Psychology as Philosophy, Philosophy as Psychology--Articles and Reviews 2006-2019

Las Vegas, NV USA: Reality Press (2019)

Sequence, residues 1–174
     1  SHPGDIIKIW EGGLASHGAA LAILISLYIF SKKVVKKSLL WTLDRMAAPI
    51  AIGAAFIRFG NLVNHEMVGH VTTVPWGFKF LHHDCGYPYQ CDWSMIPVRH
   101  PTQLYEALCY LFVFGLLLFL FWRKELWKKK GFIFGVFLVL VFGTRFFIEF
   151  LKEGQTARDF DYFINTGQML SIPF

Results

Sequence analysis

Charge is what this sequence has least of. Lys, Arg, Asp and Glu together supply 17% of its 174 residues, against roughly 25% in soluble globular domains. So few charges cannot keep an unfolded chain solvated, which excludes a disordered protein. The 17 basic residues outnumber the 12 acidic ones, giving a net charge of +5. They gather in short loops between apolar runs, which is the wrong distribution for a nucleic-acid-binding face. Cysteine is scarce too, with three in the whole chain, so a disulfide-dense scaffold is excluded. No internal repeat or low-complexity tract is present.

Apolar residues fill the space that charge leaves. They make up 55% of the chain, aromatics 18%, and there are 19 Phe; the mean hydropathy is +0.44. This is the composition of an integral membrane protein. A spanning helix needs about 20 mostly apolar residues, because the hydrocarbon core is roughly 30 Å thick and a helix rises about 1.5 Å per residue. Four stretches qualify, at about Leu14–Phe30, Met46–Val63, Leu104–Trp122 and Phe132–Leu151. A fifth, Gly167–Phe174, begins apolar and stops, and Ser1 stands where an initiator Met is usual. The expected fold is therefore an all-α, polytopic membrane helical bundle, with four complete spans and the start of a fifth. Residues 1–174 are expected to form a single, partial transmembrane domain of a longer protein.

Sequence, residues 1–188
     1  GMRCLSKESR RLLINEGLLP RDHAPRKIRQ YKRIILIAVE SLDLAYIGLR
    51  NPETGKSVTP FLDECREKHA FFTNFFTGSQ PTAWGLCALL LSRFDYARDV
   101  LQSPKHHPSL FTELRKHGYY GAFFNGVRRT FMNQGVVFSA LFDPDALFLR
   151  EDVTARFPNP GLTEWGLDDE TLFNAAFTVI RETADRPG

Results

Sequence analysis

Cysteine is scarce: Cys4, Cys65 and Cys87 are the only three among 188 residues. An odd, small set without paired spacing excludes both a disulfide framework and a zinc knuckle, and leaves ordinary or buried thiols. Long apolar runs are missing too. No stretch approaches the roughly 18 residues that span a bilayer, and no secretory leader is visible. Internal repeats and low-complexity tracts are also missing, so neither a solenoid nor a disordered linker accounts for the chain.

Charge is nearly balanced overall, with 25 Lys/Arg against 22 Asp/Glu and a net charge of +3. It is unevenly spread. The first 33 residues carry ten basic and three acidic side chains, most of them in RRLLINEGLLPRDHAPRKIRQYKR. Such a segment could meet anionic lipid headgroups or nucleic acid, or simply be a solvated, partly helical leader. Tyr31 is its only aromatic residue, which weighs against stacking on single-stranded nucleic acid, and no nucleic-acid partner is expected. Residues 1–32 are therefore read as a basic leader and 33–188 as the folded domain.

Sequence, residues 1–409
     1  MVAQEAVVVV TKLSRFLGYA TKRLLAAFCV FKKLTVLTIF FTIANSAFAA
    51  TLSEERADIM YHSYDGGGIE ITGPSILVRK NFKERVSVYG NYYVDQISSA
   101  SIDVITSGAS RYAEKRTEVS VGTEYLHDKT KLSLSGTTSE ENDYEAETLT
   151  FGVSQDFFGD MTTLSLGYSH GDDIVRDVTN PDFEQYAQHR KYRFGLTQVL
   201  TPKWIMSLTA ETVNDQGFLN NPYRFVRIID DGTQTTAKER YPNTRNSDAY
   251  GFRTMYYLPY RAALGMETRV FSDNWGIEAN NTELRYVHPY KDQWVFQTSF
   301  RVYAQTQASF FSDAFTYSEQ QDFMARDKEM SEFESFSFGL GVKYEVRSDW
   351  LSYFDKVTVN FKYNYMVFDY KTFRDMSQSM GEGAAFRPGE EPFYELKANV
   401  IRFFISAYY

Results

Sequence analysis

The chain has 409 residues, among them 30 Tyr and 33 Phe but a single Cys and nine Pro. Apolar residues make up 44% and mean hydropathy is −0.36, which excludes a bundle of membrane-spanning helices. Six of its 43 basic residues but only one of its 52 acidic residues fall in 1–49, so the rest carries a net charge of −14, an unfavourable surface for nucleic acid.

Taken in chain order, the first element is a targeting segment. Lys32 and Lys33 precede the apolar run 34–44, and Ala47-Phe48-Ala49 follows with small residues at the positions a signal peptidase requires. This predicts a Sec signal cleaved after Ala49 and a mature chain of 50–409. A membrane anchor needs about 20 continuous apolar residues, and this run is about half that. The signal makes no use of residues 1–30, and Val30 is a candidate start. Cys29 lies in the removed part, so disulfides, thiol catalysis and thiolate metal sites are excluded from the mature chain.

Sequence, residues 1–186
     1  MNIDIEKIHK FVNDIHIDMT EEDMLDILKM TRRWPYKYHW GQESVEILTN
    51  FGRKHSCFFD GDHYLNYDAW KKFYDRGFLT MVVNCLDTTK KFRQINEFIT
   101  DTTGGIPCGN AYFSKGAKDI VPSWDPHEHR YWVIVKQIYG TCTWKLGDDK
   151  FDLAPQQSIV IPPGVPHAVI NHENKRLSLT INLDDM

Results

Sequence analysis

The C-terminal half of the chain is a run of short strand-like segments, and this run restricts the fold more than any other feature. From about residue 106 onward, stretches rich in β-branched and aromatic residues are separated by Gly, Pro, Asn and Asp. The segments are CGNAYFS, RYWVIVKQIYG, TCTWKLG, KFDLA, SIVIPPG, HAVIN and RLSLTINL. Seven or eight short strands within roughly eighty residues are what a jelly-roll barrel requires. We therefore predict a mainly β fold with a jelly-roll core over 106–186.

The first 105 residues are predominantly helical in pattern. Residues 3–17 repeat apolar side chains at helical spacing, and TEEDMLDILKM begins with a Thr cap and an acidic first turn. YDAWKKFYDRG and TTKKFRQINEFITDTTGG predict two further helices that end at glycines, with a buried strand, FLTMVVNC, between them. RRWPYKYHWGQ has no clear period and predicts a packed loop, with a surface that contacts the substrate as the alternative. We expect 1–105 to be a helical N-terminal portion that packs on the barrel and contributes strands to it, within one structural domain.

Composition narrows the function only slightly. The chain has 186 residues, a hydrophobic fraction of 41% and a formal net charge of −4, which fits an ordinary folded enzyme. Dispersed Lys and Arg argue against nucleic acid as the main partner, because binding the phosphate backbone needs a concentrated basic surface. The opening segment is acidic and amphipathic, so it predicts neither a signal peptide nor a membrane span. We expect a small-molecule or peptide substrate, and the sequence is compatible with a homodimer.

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Since philosophical problems are the result of our innate psychology, or as Wittgenstein put it, due to the lack of perspicuity of language, they run throughout human discourse and behavior, so there is endless need for philosophical analysis, not only in the ‘human sciences’ of philosophy, sociology, anthropology, political science, psychology, history, literature, religion, etc., but in the ‘hard sciences’ of physics, mathematics, and biology. It is universal to mix the language game questions with the real scientific ones as to what the empirical facts are. Scientism is ever-present and Wittgenstein, arguably the greatest intuitive psychologist of all time, has laid it before us long ago, beginning with the Blue and Brown Books in the early 1930’s. Language is programmed in our genes and is involved in nearly all our social behavior. Philosophy in the strict sense (i.e., academic philosophy), is as Wittgenstein showed us, the study of the way language is used (language games) and I regard it as the descriptive psychology of higher order thought (i.e., pretty much everything involving language which is often called System 2 or slow thinking). However, as I hope I have shown in my writings over the last decade, nonlinguistic behavior or System 1 or fast thinking is also described with language and this leads to endless confusion which I have tried to clarify here and which is summarized in the tables that I present. It is my contention that the table of intentionality (rationality, mind, thought, language, personality etc.) that features prominently here describes more or less accurately, or at least serves as an heuristic for, how we think and behave, and so it encompasses not merely philosophy and psychology, but everything else (history, literature, mathematics, politics etc.). Note especially that intentionality and rationality as I (along with Searle, Wittgenstein and others) view it, includes both conscious deliberative linguistic System 2 and unconscious automated prelinguistic System 1 actions or reflexes. I provide a critical survey of some of the major findings of two of the most eminent students of behavior of modern times, Ludwig Wittgenstein and John Searle, on the logical structure of intentionality (mind, language, behavior), taking as my starting point Wittgenstein’s fundamental discovery –that all truly ‘philosophical’ problems are the same—confusions about how to use language in a particular context, and so all solutions are the same—looking at how language can be used in the context at issue so that its truth conditions (Conditions of Satisfaction or COS) are clear. The basic problem is that one can say anything, but one cannot mean (state clear COS for) any arbitrary utterance and meaning is only possible in a very specific context. I analyze various writings by and about them from the modern perspective of the two systems of thought (popularized as ‘thinking fast, thinking slow’), employing a new table of intentionality and new dual systems nomenclature. I show that this is a powerful heuristic for describing behavior with critical reviews of the writings of a wide variety of behavioral scientists (i.e., everyone). The first group of articles attempt to give some insight into how we behave that is reasonably free of theoretical delusions. In the next three groups I comment on three of the principal delusions preventing a sustainable world— technology, religion and politics (cooperative groups). People believe that society can be saved by them, so I provide some suggestions in the rest of the book as to why this is unlikely via short articles and reviews of recent books by well-known writers.

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